Dehradun: The Congress and Bharatiya Janata Party (BJP) separately tried to woo independent and Bahujan Samaj Party (BSP) lawmakers Wednesday as uncertainty persisted over the formation of a new government in Uttarakhand following a fractured mandate in the 70-member assembly.
The Congress said it had the first right to be invited to form the government being the single largest party with 32 members - three short of a simple majority.
But the BJP claimed it was in the race too and was in talks with non-Congress lawmakers to win their support.
The newly elected house has three independents, three BSP members and one from the Uttarakhand Kranti Dal-Panwar - who hold the key to a new government in the state.
Congress president Sonia Gandhi in New Delhi said the party has the numbers and should be called to form the government.
Echoing his leader's views, Uttarakhand Congress chief Yashpal Arya told reporters here: "We are the single largest party. It is a parliamentary practice that the single largest party is first invited to form the government,"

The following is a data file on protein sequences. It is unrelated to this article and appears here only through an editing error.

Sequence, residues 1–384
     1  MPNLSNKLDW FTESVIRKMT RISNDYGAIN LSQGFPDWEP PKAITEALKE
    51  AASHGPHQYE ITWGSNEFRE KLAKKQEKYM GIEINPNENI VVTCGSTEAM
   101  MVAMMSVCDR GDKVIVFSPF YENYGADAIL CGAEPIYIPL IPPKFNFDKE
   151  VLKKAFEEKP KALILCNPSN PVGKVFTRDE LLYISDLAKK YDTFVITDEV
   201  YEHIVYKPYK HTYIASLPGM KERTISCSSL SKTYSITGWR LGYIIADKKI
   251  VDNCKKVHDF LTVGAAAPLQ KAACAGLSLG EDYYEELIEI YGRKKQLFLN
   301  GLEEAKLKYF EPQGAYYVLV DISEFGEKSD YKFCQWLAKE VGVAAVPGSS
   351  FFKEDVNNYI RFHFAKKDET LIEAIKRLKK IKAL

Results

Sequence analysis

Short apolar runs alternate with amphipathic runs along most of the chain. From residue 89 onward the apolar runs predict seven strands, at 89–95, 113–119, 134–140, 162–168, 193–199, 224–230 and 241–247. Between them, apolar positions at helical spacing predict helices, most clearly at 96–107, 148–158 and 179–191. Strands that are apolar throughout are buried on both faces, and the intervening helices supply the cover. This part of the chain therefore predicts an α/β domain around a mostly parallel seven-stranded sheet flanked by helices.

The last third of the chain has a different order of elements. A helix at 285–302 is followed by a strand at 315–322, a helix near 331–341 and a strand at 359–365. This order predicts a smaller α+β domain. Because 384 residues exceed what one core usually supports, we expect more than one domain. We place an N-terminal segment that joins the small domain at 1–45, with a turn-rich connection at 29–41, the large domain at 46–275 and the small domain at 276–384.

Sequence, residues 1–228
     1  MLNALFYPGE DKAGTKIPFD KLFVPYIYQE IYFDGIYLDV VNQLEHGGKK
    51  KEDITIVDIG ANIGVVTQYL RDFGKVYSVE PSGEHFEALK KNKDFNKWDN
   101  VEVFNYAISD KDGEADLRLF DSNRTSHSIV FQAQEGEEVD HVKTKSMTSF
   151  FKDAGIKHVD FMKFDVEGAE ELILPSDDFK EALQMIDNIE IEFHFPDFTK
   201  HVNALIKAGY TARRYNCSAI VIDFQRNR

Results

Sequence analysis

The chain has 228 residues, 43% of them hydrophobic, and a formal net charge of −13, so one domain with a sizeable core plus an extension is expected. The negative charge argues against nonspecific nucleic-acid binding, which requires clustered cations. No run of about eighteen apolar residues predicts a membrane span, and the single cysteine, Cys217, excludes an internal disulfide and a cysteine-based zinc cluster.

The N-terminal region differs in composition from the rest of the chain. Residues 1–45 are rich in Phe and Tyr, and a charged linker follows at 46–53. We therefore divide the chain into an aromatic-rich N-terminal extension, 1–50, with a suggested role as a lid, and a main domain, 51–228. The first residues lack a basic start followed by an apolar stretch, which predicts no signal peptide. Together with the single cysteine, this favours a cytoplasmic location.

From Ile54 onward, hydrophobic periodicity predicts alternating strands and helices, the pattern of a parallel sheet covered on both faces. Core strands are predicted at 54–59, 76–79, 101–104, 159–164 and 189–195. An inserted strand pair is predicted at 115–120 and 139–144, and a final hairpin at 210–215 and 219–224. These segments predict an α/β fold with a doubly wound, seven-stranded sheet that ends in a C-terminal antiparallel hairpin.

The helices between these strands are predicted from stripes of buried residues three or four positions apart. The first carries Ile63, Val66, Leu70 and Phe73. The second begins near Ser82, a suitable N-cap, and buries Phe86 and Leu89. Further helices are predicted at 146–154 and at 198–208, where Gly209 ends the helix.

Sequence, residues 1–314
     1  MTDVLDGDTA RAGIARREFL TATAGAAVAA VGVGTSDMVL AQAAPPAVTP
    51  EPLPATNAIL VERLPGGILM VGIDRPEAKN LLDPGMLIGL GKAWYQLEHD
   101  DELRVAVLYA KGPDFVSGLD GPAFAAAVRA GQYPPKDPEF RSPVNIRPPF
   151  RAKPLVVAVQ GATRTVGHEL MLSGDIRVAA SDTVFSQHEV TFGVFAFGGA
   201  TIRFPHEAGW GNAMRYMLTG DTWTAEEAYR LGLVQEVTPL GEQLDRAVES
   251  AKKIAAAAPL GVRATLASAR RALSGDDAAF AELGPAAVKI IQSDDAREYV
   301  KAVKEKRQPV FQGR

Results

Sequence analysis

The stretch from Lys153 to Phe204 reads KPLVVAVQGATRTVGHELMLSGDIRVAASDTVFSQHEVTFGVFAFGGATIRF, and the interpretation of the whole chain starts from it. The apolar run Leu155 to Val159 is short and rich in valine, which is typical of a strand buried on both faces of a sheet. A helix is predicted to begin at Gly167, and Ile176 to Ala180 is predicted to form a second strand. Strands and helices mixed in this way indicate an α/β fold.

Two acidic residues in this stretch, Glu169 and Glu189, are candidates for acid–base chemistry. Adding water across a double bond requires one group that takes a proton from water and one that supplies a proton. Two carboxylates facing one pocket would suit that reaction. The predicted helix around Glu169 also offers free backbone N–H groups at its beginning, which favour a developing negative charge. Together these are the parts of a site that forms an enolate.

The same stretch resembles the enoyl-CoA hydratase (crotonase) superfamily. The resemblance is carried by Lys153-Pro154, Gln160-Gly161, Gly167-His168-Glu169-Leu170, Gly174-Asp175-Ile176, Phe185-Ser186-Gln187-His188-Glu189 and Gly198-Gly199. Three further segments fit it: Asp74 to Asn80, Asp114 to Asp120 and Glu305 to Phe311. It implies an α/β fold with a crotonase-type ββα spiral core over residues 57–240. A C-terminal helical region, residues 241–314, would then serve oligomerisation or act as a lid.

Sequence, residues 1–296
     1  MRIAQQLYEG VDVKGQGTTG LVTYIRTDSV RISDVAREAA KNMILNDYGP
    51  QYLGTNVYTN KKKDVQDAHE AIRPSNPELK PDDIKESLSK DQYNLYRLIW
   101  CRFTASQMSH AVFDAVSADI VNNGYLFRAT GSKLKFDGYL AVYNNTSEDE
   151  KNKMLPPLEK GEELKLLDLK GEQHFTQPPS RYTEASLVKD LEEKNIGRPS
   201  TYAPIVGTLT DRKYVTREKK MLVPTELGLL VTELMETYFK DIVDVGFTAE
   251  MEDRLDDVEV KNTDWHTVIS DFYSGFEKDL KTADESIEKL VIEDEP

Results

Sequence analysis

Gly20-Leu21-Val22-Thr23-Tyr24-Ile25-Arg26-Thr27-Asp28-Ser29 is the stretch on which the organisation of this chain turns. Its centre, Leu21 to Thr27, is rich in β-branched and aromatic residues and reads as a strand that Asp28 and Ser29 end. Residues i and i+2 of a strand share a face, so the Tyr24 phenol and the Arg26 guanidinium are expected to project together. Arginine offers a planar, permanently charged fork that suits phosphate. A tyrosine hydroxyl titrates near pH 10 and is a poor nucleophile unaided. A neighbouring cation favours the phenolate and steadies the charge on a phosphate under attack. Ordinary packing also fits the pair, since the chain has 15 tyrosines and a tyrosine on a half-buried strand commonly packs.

Arya expressed confidence that the Congress had the numbers to stake claim and lead the new government in the hill state where no political party managed to cross the magic figure of 35.
"We have got the numbers. We will form the government. Three independents have pledged support. We are talking with others too. Our number will touch 38. We will form the government after Holi," he said.
He said a delegation of party leaders from the state would be traveling to Delhi and meet Sonia Gandhi who will nominate the new Congress chief minister.
But the BJP, which has 31 members in the newly elected house, also claimed it had the support of independent lawmakers and would stake claim to form government.
Senior BJP leaders, former party president Rajnath Singh and Ananth Kumar, flew down to Dehradun and held a meeting to discuss a strategy to gather support to form the government
"No possibility can be ruled out," Rajnath Singh told reporter after the meeting.
Outgoing BJP Chief Minister B.C. Khanduri, who lost the election, said his party was "looking at those who are willing to support and on what terms and conditions".
"A normal procedure is there. Back channel, front channel, all channels are open," Khanduri said.
Asked about the Congress staking its claim, the chief minister said: "I don't know what they have done. As far as my knowledge goes, a party stakes its claim only after the Election Commission issues full notice."